Skip to main content

In 1828 Mexican General Mier y Teran had seen enough to convince him that strict measures were needed to stem American immigration (legal and otherwise) and its influence in Texas. If nothing is done to address the problem, Teran believed, the United States will take Texas.

In 1829, Teran submitted his recommendations in a report to the Mexican government. The next year, under the leadership of President Anastasio Bustamante, the  Mexican legislature passed a law that included Mier y Teran’s recommendations, the Law of April 6, 1830. From a Mexican point of view, the law was considered just and necessary. Texas colonists disagreed.

Signed by Lucas Alamán, the Minister of the Interior and Exterior, the law was printed and distributed among the Texas colonies and throughout Mexico in the form a broadside, a large, single-sided document that could be easily tacked to a door, nailed to a tree, read privately at home, or aloud on a street corner, or town square. Its contents alarmed the colonists, including empresario extraordinaire, Stephen F. Austin. The law included eighteen articles whose collective purpose was to regain Mexican sovereignty and control over Texas. Some articles were more incendiary than others, especially the articles that banned further colonization from the United States, the crackdown on slavery in Texas (slavery was outlawed in Mexico), and the establishment of new forts built and manned by convict labor from Mexico.

Despite Mexico’s best intentions, it was a case of too little, too late. American colonists were used to living as they always had,  guided by American norms and values (and in many cases, irresponsible behavior) while ignoring Mexican laws and customs. Most worrisome for Mexico was that by 1830, Americans outnumbered Mexican citizens ten to one.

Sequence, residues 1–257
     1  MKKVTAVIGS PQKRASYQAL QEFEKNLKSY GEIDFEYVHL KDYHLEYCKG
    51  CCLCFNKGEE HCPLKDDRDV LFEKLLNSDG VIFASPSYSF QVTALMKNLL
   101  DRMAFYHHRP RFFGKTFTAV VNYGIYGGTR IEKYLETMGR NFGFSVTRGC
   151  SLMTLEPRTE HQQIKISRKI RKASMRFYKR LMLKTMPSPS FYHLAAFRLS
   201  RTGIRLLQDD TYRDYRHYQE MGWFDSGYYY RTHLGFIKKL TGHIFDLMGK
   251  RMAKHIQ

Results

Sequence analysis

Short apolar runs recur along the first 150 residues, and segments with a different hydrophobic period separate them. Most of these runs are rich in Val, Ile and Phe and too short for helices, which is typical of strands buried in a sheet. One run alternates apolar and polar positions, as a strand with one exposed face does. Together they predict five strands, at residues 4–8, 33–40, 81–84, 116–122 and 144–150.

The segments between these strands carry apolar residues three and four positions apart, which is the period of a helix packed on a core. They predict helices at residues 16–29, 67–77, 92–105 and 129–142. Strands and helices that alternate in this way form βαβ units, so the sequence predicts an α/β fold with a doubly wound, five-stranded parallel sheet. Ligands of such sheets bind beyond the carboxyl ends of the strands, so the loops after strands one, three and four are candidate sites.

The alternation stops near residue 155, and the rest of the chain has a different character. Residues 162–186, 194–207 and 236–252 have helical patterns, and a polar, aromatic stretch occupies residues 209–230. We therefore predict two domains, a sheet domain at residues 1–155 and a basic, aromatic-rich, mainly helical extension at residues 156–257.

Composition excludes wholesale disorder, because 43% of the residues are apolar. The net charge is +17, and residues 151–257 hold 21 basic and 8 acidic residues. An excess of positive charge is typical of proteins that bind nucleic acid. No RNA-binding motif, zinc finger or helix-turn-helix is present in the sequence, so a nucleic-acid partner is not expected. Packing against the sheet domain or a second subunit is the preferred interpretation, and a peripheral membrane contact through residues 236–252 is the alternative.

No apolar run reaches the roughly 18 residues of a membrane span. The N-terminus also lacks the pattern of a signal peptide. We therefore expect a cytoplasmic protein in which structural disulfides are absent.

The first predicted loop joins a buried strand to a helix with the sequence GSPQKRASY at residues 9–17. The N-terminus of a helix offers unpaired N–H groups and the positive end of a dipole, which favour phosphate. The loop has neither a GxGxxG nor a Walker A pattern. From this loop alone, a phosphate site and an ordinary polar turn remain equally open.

Mexico also lacked the resources and the necessary political will and military attention required to enforce the law. Through the efforts of Stephen F. Austin and legislative initiatives most of the law’s recommendations were reversed within a few years, including those pertaining to American immigration and slavery.  Despite the repeals, an inevitable course had been set in motion. Relations between American settlers and the Mexican government would only get worse.

Factional infighting within Mexico and its consequence, the neglect of his beloved Texas, pushed an already depression-prone General Mier y Teran to take his own life in 1832, falling on his sword while on duty in the small  town of San Antonio in Tamaulipas, Mexico.



Texas by Teran, The Diary Kept by General Mier y Teran On His 1828 Inspection Of Mexico, copyright 2000, Edited by Jack Jackson, Translated by John Wheat, University of Texas Press.

Leave a Reply